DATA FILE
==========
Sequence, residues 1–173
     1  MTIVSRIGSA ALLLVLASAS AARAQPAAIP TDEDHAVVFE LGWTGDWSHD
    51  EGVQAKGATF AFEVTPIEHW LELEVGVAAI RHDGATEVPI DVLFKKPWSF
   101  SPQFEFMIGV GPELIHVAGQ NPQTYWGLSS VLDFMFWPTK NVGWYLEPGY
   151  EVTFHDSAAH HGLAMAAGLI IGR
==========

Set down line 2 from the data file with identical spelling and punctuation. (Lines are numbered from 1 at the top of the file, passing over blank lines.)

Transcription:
     1  MTIVSRIGSA ALLLVLASAS AARAQPAAIP TDEDHAVVFE LGWTGDWSHD